Portland’s scenic Skyline Boulevard weaves in and out of the forested West Hills, making it a favorite of bikers, runners, and Sunday drivers. With so much natural beauty, many visitors completely miss the sign and winding narrow path leading to an unassuming survey marker that is the ultimate definition of property lines in all of Oregon and Washington since 1851.
As part of the 1803 Louisiana Purchase, the United States established the Oregon Territory in 1848 after agreeing on the 49th parallel border with Great Britain. Not surprisingly, the territorial government quickly realized the need for adjudicating property claims among settlers.
Enter John B. Preston, the first Surveyor-General of the Oregon Territory, charged by the U.S. General Land Office to establish the primary survey reference—the Initial Point—for the Oregon Territory. The survey had several challenges. The territory spanned east-west from the Snake River to the Pacific, and north-south from the 49th parallel to the California border.
Preston’s team had to avoid putting their north-south meridian and east-west baseline through major bodies of water and geographic features. The work has since stood the test of time, avoiding early surveyor faux pas, such as the one that unwittingly established the isolated U.S. enclave of Point Roberts, Washington. Ironically, this was a result of the earlier agreement with Britain in establishing the 49th parallel border that precipitated the Oregon Territory.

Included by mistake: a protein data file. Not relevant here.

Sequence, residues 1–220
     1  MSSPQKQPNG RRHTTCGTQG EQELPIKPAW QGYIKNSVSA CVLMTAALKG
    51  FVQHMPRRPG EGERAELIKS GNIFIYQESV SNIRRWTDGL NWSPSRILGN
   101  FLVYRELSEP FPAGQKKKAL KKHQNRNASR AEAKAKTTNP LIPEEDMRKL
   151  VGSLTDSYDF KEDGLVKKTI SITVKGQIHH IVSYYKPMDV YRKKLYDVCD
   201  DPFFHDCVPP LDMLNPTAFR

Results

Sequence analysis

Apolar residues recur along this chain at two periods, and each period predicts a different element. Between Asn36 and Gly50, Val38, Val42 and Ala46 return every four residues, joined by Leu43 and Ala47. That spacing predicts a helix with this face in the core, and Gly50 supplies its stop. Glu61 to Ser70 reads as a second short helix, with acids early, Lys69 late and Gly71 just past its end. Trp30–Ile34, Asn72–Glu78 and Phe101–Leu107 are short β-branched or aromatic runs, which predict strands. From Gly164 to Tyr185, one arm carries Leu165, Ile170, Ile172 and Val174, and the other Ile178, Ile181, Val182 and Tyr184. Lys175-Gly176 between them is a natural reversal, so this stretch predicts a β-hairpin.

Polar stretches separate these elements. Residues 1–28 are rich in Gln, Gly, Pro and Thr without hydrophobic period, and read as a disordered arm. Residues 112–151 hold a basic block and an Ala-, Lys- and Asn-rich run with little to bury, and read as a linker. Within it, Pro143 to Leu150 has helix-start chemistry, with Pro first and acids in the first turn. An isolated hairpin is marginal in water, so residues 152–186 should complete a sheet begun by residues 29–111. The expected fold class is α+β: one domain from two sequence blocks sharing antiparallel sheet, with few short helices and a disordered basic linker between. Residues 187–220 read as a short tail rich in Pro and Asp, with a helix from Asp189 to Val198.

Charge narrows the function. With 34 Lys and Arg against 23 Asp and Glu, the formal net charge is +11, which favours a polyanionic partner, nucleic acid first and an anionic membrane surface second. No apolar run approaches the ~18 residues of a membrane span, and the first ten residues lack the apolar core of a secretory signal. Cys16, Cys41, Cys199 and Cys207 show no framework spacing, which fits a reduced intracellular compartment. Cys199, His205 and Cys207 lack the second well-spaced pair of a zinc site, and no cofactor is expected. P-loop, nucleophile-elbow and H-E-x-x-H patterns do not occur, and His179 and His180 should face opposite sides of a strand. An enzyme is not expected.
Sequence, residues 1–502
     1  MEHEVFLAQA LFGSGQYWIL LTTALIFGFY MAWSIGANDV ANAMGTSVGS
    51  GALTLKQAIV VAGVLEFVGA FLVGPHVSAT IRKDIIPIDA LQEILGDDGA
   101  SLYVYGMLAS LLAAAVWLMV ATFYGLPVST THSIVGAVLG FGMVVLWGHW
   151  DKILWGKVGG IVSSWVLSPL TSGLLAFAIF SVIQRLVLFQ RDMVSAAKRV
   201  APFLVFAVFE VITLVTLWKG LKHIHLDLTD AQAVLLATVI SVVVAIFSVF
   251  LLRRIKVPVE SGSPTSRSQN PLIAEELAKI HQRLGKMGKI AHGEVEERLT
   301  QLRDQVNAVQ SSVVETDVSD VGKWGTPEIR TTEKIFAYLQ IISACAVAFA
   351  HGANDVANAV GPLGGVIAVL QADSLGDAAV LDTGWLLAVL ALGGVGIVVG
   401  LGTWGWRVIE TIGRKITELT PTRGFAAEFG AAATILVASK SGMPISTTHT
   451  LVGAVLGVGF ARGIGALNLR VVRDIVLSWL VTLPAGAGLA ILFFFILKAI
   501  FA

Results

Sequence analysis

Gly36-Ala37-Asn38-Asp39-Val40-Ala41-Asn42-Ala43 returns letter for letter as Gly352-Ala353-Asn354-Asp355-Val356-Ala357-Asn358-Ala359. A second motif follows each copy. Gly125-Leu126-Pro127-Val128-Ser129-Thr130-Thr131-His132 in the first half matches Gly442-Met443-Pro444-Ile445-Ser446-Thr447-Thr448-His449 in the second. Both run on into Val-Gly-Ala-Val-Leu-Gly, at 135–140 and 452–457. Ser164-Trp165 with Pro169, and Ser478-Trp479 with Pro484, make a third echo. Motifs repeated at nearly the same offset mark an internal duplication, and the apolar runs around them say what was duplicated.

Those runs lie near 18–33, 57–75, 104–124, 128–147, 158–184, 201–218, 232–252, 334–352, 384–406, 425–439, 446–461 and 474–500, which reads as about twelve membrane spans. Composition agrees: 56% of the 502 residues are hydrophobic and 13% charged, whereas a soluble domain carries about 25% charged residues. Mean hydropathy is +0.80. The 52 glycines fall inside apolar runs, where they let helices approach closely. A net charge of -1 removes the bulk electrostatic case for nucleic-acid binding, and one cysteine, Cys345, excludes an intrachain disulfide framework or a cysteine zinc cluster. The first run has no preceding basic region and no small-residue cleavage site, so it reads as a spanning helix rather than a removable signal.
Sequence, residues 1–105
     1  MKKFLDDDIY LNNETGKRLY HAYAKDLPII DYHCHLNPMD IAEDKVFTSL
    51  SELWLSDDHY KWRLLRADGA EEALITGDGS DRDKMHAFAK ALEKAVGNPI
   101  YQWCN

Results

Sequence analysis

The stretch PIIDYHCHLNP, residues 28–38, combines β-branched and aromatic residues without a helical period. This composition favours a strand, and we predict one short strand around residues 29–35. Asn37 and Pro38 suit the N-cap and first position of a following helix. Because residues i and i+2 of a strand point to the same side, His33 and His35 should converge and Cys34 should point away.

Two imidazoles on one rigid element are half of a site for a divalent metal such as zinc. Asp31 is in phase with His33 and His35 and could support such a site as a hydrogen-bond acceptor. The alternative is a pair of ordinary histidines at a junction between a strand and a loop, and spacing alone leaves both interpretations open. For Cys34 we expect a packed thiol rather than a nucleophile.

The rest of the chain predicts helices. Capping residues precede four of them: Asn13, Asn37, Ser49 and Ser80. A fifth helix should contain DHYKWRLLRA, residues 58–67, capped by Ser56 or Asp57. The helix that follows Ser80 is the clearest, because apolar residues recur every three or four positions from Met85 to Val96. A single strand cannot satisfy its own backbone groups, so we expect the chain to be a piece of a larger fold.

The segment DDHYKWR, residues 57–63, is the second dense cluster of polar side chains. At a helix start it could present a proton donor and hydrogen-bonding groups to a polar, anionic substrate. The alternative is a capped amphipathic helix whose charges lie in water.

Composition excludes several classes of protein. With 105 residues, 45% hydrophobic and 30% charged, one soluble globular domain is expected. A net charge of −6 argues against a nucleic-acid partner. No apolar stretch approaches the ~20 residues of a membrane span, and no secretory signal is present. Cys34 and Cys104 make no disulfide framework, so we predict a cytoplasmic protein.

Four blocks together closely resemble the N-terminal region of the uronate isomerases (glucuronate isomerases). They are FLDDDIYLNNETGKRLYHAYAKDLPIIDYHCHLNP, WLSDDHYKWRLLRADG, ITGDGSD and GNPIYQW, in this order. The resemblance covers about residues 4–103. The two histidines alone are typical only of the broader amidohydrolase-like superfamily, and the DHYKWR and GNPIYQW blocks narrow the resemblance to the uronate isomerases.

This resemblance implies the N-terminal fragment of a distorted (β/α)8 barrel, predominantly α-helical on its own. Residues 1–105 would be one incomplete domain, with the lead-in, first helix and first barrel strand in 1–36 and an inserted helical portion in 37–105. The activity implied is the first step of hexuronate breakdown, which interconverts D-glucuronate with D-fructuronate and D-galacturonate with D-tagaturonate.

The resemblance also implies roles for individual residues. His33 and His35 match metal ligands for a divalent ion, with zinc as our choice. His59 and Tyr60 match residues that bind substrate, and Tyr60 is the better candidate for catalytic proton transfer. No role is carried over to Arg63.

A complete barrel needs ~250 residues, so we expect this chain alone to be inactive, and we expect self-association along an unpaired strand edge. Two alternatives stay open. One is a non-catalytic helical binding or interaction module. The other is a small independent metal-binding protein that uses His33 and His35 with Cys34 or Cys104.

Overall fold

Willamette Stone Heritage Park is easily accessible if you know where to look on winding Skyline Boulevard. A macadam path leads to the stone itself and interpretive plaques in a deep, forested hollow. The heavy forestation makes this a somewhat curious spot for surveyors to establish a critical benchmark, although the sightlines of 1851 were likely different than those today. Three donated benches surround the stone. Visitors can sit and contemplate the enormous significance the stone has for Oregon and Washington homeowners seeking property easements from their local planning boards. The setting is at once bucolic, quiet, and contains a faint air of mystery.
Know Before You Go
Willamette State Heritage Park is in Portland’s West Hills just off Skyline Boulevard and is accessible for day use 7:00 am – 8:00 pm.
Some GPS apps will maneuver visitors onto Barnes Road, however, this ends up at the entrance to a gated community with no access to the park. Skyline Boulevard winds and twists, so it’s best to keep a sharp eye out for the park and its small parking area.